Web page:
Endeavor Power Corp. Appoints Alfonso Knoll to CEO Position and Details Plans for Precious Metal Recovery Division

Los Angeles, California, UNITED STATES

ROBESONIA, PA--(Marketwire - December 10, 2010) - Endeavor Power Corp. (OTCBB: EDVP), an emerging leader in electronic asset recovery and e-waste recycling, announces today that the Company has named a new executive to its management team. Alfonso C. Knoll has been appointed CEO and is charged with launching Endeavor's recycling operations coast-to-coast as well as overseeing day-to-day operations.

Mr. Knoll, 35, previously served as the managing partner and founder of Terra Silex Holdings, LLC, a private venture capital company. He is experienced in managing millions of dollars for capital investment in high-risk microcap companies and has served as CEO and Director of numerous public companies. He is a graduate of Wesley College and attended Franklin and Marshall College and Weidner University School of Law.

With established relationships with computer and electronic retail chain recycling firms already in place, Endeavor is expanding its acceptance of end-of-life electronics from customers throughout the country. The Company is recovering value through the resale or recycling of computers, cell phones and monitors as well as other electronics using environmentally friendly methods. 

"It's amazing that we took this long to realize that obsolete electronics could and should be recycled," according to Knoll. "Most people don't realize that in 2008 we generated 3.16 million tons of e-waste in the U.S. and only 430,000 tons, or 13.6%, was recycled." Twenty to fifty million metric tons of e-waste is disposed of worldwide each year, according to the EPA.

Knoll believes Endeavor's recycling initiatives will be good for the environment as well as for shareholders. "We are filling up the landfills with obsolete and unwanted electronics at a massive pace -- as much as 2.5 million tons a year," says Knoll. "Recycling puts that material back into good use and keeps toxic substances found in electronics from leaching into the ground." Computers, mobile phones, monitors and other electronics are known to contain lead, mercury, cadmium and other dangerous substances.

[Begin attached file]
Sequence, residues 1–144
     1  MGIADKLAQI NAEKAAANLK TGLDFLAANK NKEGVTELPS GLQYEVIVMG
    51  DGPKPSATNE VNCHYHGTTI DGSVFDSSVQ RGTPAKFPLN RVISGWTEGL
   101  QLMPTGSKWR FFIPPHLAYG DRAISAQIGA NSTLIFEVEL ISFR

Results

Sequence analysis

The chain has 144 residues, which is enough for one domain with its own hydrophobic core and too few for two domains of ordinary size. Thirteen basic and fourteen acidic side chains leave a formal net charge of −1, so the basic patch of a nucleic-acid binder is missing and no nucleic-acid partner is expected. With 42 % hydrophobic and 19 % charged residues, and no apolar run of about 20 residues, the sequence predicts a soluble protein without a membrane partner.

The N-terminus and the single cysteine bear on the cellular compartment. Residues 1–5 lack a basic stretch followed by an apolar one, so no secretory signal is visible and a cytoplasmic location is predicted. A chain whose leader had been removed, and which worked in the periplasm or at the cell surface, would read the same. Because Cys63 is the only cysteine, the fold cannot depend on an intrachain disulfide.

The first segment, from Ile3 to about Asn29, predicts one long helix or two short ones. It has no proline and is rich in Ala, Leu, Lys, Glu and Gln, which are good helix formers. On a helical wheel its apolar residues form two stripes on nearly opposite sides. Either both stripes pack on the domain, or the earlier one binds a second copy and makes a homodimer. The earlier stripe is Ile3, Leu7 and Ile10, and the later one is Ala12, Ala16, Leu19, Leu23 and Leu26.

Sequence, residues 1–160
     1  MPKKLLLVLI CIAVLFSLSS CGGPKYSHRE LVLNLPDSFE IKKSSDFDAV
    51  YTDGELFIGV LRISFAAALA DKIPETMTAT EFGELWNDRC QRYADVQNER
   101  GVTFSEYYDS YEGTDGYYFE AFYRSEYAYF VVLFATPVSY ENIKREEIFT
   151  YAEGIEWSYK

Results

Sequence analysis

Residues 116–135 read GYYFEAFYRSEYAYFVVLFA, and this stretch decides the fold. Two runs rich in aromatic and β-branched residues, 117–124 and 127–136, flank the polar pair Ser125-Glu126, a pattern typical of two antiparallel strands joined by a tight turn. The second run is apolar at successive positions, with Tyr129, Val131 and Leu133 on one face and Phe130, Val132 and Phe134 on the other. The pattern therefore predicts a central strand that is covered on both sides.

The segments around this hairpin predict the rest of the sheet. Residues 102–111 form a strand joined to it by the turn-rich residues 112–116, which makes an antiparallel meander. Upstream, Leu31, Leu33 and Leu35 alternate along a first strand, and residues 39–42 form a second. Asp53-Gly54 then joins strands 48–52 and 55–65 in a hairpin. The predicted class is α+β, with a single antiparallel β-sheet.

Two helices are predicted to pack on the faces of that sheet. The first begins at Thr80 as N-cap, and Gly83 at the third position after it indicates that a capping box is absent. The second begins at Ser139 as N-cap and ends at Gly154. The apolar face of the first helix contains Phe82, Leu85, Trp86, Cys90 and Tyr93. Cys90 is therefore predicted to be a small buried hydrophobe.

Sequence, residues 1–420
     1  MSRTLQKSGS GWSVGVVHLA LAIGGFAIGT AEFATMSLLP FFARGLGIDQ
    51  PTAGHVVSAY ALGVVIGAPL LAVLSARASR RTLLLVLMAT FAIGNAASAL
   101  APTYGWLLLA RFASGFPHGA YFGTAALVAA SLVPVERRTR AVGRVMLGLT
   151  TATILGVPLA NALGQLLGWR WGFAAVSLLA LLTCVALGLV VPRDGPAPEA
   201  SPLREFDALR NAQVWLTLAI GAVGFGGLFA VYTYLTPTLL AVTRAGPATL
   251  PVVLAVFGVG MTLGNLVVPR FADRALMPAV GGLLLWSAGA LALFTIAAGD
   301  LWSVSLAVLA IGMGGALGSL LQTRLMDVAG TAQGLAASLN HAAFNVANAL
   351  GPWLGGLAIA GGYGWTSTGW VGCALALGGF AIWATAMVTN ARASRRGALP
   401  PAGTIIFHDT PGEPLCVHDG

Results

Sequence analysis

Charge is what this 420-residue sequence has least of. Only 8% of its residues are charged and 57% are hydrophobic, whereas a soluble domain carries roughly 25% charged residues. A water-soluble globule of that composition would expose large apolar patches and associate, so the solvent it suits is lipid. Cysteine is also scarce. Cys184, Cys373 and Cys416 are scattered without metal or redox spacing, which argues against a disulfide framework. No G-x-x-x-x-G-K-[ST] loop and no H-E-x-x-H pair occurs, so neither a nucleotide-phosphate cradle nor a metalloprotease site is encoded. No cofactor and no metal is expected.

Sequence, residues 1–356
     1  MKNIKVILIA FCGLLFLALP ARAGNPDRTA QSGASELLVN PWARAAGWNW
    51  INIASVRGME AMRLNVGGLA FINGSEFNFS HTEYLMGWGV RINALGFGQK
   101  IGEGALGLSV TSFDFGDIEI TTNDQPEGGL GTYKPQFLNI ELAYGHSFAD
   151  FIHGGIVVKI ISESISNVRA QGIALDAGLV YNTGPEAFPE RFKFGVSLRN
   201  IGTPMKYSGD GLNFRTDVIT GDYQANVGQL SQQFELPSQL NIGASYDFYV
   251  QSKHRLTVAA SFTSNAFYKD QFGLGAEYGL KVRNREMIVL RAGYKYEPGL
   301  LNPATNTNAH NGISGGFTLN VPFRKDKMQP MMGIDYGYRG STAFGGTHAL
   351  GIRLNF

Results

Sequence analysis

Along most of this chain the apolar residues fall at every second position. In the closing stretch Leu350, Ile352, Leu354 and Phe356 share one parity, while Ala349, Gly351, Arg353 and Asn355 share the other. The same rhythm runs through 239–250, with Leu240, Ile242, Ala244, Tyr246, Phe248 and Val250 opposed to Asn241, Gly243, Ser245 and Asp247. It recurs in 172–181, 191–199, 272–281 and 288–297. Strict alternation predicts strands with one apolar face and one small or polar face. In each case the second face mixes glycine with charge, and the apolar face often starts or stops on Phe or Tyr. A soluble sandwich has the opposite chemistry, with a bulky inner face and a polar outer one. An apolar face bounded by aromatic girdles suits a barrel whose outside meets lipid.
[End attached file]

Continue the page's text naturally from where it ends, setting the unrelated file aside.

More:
Knoll continued, "A U.S. Geological Survey fact sheet shows us that one metric ton of electronic scrap from personal computers contains more gold than that recovered from 17 tons of gold ore. Current gold and silver prices make recycling those precious metals not only possible, but profitable too." In addition to gold, valuable amounts of silver and copper can also be found in electronics.

"In a fragmented market crowded with small operations without the ability to take advantage of new recycling technology, our goal at Endeavor is to become a trusted and respected leader," said Knoll. "Endeavor will strive to become a top-tier, end-to-end e-waste management solution. All equipment that cannot be reused will be completely recycled in accordance with stringent environmental standards here in North America. Twenty three states have already enacted
e-waste recycling laws with more expected to follow."

Endeavor is also anticipating the ability to purchase hard assets to further mechanize the recycling process as well as other equipment necessary for the tear down and gathering of recyclable components. The Company plans to aggressively expand regionally and eventually vertically integrate into the market of refining the raw materials and precious metals garnered from recycling operations.

Knoll said the Company plans to further develop an asset recovery department which will directly purchase other businesses' surplus or outdated equipment. Locating buyers for company equipment, negotiating prices and liquidation of the equipment will also be part of Endeavor's recovery services.

Forward-looking statements in this release are made pursuant to the "safe harbor" provisions of the Private Securities Litigation Reform Act of 1995. Investors are cautioned that such forward-looking statements involve risks and uncertainties, including without limitation, continued acceptance of the Company's products, increased levels of competition for the Company, new products and technological changes, the Company's dependence on third-party suppliers, and other risks detailed from time to time in the Company's periodic reports filed with the Securities and Exchange Commission.

Contact Information:

John Peters